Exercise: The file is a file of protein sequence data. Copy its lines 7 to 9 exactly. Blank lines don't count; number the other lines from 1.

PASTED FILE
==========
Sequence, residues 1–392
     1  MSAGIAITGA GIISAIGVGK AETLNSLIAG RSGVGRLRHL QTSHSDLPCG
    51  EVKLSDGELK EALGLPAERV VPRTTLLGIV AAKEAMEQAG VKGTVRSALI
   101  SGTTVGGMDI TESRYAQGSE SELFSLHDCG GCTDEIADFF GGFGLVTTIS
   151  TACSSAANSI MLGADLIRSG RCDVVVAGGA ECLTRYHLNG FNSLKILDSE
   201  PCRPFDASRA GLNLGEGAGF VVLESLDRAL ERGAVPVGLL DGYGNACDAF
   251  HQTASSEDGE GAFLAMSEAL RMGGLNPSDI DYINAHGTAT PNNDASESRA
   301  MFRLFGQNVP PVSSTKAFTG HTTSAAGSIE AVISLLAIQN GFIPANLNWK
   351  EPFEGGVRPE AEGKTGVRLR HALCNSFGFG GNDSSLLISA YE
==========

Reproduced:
   251  HQTASSEDGE GAFLAMSEAL RMGGLNPSDI DYINAHGTAT PNNDASESRA
   301  MFRLFGQNVP PVSSTKAFTG HTTSAAGSIE AVISLLAIQN GFIPANLNWK
   351  EPFEGGVRPE AEGKTGVRLR HALCNSFGFG GNDSSLLISA YE